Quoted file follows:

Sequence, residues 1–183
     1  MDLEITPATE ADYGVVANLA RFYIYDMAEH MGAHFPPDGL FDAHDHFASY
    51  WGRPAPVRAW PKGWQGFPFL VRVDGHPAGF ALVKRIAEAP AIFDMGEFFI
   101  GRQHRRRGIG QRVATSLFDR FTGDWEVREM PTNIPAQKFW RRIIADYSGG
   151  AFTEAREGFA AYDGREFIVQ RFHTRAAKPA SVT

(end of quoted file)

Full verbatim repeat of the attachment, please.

Sequence, residues 1–183
     1  MDLEITPATE ADYGVVANLA RFYIYDMAEH MGAHFPPDGL FDAHDHFASY
    51  WGRPAPVRAW PKGWQGFPFL VRVDGHPAGF ALVKRIAEAP AIFDMGEFFI
   101  GRQHRRRGIG QRVATSLFDR FTGDWEVREM PTNIPAQKFW RRIIADYSGG
   151  AFTEAREGFA AYDGREFIVQ RFHTRAAKPA SVT